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Publication numberUS7904857 B2
Publication typeGrant
Application numberUS 11/984,316
Publication dateMar 8, 2011
Filing dateNov 15, 2007
Priority dateMar 30, 2001
Also published asEP1374107A2, EP1374107A4, US6957403, US7331032, US8219945, US8543950, US20030023941, US20050229123, US20080134107, US20110197171, US20120246604, US20130305200, WO2002080046A2, WO2002080046A3
Publication number11984316, 984316, US 7904857 B2, US 7904857B2, US-B2-7904857, US7904857 B2, US7904857B2
InventorsLaung-Terng Wang, Xiaoqing Wen
Original AssigneeSyntest Technologies, Inc.
Export CitationBiBTeX, EndNote, RefMan
External Links: USPTO, USPTO Assignment, Espacenet
Computer-aided design system to automate scan synthesis at register-transfer level
US 7904857 B2
Abstract
A method and system to automate scan synthesis at register-transfer level (RTL). The method and system will produce scan HDL code modeled at RTL for an integrated circuit modeled at RTL. The method and system comprise computer-implemented steps of performing RTL testability analysis, clock-domain minimization, scan selection, test point selection, scan repair and test point insertion, scan replacement and scan stitching, scan extraction, interactive scan debug, interactive scan repair, and flush/random test bench generation. In addition, the present invention further comprises a method and system for hierarchical scan synthesis by performing scan synthesis module-by-module and then stitching these scanned modules together at top-level. The present invention further comprises integrating and verifying the scan HDL code with other design-for-test (DFT) HDL code, including boundary-scan and logic BIST (built-in self-test).
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Claims(12)
1. A method of receiving scan constraints from an external source that includes a list of scan clocks for generating an optimal number of scan clocks for testing an integrated circuit modeled at RTL, the integrated circuit having a plurality of clock domains and each domain having one of said scan clocks; said method comprising the steps of:
(a) compiling, using a computer, the HDL (hardware description language) code that represents said integrated circuit at RTL into a design database;
(b) the computer receiving said scan constraints from said external source that includes said list of scan clocks; and
(c) based on said scan constraints, the computer analyzing said design database for generating said optimal number of scan clocks by identifying which selected clock domains do not interact with each other, and when said selected clock domains do not interact with each other, selectively replacing said scan clocks controlling said selected clock domains with one or more grouped scan clocks each for testing a plurality of said selected clock domains at the same frequency concurrently.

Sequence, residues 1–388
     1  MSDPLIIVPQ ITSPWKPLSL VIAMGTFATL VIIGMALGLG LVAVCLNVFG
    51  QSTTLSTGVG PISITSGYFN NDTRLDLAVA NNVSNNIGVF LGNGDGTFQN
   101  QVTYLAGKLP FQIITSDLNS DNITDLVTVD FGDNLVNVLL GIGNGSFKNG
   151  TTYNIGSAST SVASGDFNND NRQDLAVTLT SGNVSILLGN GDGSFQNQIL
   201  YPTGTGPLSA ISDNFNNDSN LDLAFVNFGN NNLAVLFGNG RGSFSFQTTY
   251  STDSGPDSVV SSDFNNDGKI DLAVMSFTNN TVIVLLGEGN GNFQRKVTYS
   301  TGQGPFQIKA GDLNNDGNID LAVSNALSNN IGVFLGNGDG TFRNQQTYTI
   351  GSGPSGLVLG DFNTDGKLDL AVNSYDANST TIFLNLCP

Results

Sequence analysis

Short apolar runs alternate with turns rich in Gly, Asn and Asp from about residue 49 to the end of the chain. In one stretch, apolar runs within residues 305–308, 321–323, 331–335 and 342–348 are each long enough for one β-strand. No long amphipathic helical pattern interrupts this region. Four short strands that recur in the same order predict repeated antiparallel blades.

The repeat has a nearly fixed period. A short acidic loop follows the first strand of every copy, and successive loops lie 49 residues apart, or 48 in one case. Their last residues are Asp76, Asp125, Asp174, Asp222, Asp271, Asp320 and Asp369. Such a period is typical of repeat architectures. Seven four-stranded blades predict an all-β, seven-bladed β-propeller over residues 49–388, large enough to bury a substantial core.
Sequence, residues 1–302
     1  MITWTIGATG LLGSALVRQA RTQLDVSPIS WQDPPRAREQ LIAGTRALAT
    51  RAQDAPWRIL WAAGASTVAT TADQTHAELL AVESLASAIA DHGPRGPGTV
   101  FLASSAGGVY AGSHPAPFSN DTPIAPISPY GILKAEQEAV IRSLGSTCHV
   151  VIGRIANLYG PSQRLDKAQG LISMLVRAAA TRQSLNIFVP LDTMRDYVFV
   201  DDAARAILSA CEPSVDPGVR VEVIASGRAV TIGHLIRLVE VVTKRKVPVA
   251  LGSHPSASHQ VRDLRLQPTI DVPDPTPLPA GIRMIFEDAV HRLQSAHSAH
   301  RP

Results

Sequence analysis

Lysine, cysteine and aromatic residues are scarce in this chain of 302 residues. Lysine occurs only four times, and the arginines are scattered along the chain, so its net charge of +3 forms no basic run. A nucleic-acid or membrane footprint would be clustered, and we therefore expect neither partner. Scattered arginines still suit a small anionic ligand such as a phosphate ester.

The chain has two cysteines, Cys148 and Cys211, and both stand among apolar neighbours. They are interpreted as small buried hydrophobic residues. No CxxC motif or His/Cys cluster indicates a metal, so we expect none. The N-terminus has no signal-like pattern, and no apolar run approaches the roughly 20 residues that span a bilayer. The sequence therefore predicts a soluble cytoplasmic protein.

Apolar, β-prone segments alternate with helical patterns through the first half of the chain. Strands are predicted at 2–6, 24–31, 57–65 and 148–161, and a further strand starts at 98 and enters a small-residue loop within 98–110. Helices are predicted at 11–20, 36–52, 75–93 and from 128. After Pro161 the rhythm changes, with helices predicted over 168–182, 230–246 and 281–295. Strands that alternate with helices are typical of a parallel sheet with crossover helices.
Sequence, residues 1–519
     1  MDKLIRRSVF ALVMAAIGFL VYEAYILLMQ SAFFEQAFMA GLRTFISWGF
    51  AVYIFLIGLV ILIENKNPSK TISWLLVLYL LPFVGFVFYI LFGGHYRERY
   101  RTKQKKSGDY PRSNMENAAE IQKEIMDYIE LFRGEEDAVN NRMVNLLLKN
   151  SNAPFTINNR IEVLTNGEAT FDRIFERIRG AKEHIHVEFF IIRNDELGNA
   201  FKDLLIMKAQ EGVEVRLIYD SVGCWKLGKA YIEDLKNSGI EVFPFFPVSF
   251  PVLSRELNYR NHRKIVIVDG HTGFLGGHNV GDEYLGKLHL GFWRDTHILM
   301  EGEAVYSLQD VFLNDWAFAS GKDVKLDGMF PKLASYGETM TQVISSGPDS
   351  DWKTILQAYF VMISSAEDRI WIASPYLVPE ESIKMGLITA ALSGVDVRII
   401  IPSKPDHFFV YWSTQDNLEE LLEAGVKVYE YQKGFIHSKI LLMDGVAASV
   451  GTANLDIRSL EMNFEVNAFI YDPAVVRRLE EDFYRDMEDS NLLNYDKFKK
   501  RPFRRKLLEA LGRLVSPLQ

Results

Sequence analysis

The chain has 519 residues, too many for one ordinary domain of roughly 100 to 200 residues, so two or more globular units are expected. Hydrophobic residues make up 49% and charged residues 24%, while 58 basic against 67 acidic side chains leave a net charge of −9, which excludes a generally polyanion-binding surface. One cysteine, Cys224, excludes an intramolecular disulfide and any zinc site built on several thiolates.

2. The method of claim 1, further comprising selectively specifying said optimal number of scan clocks in one-hot mode, non-overlapping mode, or overlapping mode.
3. A method of receiving scan constraints from an external source that includes a list of scan clocks for generating an optimal number of scan clocks for testing an integrated circuit modeled at RTL, the integrated circuit having a plurality of clock domains and each domain having one of said scan clocks; said method comprising the steps of:
(a) compiling, using a computer, the HDL (hardware description language) code that represents said integrated circuit at RTL into a design database;
(b) the computer receiving said scan constraints from said external source that includes said list of scan clocks;
(c) based on said scan constraints, the computer analyzing said design database for identifying which selected clock domains do not interact with each other, and when said selected clock domains do not interact with each other, selectively replacing said scan clocks controlling said selected clock domains with one or more grouped scan clocks each for testing a plurality of said selected clock domains at the same frequency concurrently; and
(d) based on said scan constraints and said grouped scan clocks, the computer further analyzing said design database to search for said optimal ordered sequence of scan clocks using a least amount of computer memory when transforming said design database into an equivalent combinational circuit model.
4. The method of claim 3, wherein said using a least amount of computer memory when transforming said design database into an equivalent combinational circuit model further comprises estimating the memory usage of each said clock domain and the memory usage of each crossing clock-domain logic block within each time frame in said equivalent combinational circuit model.